16 April 2011

Miasmatic Theory

Back in the Medieval and Renaissance periods, there was no understanding of microbes as a cause of disease. Generally speaking, disease states were understood as products of internal imbalance within the individual. If you had a cold, for example, it was thought that you had too much cold and damp in your body, which needed to be expressed as phlegm - one of the four humours (the other three were black bile, yellow bile, and blood).

The Four Temperaments / Humours of Galen
Generally speaking, this is a highly functional medical model, despite the idiosyncracies of some of its terminology. If your body is healthy and in balance, you will be better able to fight most microbes, after all.

When it came to bubonic plague, however - a disease that could fell a perfectly healthy person in a matter of days, and that caused large quantities of black pus / blood to pool in lumps at the surface of the skin - medieval and Renaissance medical people knew they needed something more to explain what was going on.

That's where miasmatic theory comes in.

Although the idea of microbes was still a little way off, early doctors proposed the idea that plague was caused by infection from outside the individual. The cause? Foul air, or "miasma." The understanding of what made air foul was pretty broad. A "miasma" could mean bad, stinking breath, rotten smells, or even the "atmosphere" in places where people were crowded together and overexcited - like the theatre. (But not church.)

This obviously posed a huge challenge to London city dwellers throughout the Renaissance. London was a notoriously stinky place. Open sewers, mass graves, and slaughterhouses within the city walls all proved a challenge when it came to avoiding stink.

Practices arose designed to counteract bad smells during plague time. The famous plague doctor's mask, resembling a bird beak, contained pleasant-smelling herbs at the end. Inhaling through the herbs, the wearer could avoid exposure to bad smells and thus hopefully avoid infection.

Plague Doctor's Outfit
In the sick room, doctors distributed herbs and flowers, or heated them on warm bricks in order to dispel the infected air.
A doctor attempts to freshen the air in a plague house.
The practice of carrying a nose-gay - a small bouquet of flowers - arose during the same time. Any time you encountered a bad smell, you could sniff the flowers, and thus decontaminate yourself. Sachets - nice-smelling small pillows stuffed with herbs and flowers - are a worldwide practice. In the east, they are thought to drive away evil spirits. In the west, they originated as a remedy for disease.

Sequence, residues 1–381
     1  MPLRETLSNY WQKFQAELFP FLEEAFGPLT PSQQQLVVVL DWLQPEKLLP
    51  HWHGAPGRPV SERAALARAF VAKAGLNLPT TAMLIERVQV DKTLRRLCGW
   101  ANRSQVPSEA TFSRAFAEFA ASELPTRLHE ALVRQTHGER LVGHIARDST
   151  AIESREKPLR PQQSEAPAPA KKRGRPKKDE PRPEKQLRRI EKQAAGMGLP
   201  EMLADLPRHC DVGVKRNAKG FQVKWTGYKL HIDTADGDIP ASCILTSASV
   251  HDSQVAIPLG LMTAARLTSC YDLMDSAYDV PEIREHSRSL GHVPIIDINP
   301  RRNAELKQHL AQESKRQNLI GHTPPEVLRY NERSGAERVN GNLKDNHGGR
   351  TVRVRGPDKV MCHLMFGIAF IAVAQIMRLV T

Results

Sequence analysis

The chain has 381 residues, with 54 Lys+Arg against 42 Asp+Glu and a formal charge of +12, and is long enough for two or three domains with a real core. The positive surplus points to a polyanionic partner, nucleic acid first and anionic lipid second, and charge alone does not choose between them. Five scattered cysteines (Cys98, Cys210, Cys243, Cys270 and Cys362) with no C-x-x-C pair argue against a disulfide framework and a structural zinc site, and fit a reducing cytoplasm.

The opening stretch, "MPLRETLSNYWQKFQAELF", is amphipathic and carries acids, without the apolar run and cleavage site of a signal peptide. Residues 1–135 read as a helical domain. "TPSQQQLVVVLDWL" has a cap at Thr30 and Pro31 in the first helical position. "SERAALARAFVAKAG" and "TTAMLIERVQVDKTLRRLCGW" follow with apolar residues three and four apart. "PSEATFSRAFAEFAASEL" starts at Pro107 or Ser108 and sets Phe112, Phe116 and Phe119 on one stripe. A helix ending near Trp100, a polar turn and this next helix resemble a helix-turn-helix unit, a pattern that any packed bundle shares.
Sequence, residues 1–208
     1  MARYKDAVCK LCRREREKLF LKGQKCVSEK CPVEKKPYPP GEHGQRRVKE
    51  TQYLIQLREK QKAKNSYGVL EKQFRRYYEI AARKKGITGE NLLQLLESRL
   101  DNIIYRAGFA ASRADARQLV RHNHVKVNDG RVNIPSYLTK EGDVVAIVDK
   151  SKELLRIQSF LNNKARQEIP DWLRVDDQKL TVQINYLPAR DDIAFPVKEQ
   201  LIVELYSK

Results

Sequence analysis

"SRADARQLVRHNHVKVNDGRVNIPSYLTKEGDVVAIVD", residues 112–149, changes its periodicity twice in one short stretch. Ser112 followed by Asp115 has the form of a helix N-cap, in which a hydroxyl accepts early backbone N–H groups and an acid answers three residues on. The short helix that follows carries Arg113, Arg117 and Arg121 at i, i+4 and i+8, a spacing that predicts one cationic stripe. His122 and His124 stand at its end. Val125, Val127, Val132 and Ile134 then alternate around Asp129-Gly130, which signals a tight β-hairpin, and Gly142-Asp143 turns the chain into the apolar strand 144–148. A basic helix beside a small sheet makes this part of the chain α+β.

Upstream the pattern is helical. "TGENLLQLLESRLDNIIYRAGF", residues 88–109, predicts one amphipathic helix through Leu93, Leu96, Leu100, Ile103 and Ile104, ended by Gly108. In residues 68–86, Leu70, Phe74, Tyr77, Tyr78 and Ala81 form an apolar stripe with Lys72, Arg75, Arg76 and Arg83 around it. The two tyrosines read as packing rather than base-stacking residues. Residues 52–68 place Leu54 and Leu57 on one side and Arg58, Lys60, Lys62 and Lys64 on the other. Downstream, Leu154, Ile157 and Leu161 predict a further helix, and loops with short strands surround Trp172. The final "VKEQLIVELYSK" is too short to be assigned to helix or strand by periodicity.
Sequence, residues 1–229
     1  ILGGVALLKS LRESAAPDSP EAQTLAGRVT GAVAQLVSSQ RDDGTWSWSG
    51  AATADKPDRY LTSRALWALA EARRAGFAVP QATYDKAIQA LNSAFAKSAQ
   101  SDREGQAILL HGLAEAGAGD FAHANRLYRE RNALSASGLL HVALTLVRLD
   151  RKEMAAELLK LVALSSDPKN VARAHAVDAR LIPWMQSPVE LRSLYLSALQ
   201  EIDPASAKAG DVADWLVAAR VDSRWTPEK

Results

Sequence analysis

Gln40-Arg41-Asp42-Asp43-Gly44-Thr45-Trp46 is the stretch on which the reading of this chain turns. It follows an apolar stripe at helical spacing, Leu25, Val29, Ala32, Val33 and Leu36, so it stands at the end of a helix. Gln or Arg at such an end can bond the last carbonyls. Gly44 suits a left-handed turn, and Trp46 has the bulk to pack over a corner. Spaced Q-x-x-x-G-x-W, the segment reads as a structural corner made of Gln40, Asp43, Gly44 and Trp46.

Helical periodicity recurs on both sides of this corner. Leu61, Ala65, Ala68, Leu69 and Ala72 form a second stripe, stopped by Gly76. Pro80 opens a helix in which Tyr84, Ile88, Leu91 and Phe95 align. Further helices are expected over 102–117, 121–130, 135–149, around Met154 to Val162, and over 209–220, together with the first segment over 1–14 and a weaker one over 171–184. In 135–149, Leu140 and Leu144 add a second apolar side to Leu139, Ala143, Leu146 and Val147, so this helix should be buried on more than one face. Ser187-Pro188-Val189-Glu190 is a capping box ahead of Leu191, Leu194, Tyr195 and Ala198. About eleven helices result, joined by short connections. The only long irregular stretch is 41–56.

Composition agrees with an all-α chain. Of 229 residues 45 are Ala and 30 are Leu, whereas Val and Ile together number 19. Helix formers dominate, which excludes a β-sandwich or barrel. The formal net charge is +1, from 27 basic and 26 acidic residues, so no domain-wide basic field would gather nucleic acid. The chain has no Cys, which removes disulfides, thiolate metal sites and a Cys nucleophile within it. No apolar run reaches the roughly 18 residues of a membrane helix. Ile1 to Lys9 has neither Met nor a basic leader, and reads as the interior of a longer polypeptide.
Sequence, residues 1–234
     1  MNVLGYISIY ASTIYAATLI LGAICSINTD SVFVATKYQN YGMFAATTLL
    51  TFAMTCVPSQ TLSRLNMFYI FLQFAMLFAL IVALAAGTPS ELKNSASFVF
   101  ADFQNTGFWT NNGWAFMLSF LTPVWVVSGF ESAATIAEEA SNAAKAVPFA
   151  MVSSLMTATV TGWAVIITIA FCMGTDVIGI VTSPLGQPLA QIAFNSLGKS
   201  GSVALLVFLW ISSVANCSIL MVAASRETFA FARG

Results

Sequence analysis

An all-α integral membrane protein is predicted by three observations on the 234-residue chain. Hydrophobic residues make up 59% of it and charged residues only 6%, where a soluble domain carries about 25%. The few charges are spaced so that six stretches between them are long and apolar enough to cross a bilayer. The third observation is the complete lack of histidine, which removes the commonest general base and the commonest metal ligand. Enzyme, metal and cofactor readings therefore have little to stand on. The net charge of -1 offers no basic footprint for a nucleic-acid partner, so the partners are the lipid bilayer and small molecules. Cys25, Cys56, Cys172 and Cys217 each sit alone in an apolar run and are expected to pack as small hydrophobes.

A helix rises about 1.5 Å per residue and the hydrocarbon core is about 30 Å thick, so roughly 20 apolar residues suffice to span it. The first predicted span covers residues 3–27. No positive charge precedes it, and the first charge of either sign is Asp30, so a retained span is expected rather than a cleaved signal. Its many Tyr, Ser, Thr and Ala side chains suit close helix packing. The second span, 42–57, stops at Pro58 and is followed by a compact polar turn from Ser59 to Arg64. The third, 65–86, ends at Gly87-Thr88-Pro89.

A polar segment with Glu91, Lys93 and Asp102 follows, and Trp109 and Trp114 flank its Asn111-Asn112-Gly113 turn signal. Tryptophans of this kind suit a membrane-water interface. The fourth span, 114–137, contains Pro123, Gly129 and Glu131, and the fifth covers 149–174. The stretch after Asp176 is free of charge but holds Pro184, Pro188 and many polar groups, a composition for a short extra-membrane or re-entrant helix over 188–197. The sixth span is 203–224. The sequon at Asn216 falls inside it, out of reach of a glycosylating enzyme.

joanne lee said...

Some very interesting information!

Luanne G. Smith said... I can't believe you posted about this. I've been researching plague doctors from the Italian Renaissance period for an idea I have for my next WIP. Plague isn't the happiest of subjects, but you can't deny the inherent conflict. :)

Elizabeth Twist said...

@Joanne: Thanks!

@L.G.: If you need any information, let me know. I studied plague for 4 1/2 years as part of my PhD. I can direct you to all sorts of great resources. My area of specialty was urban and suburban London, but I know quite a bit about the continent, too.

Deborah Walker said...

I love medical hitory. I used to be the curator at the Royal Veterinary Musuem, all these ideas applied to animal medicine, too.

Liz P said...

Very cool, love this stuff!

Claudie A. said...

Just found you through the A to Z challenge, and this is such an amazing post. I'm a biochemist myself, so anything that touches plagues (especially historical) are right up my alley.

I shall be sticking around, that's certain. :)

Elizabeth Twist said...

@Deborah: I did not know that! Cool.

@Liz: Thank you!

@Claudie: Be sure to stop by for "P." You will love it.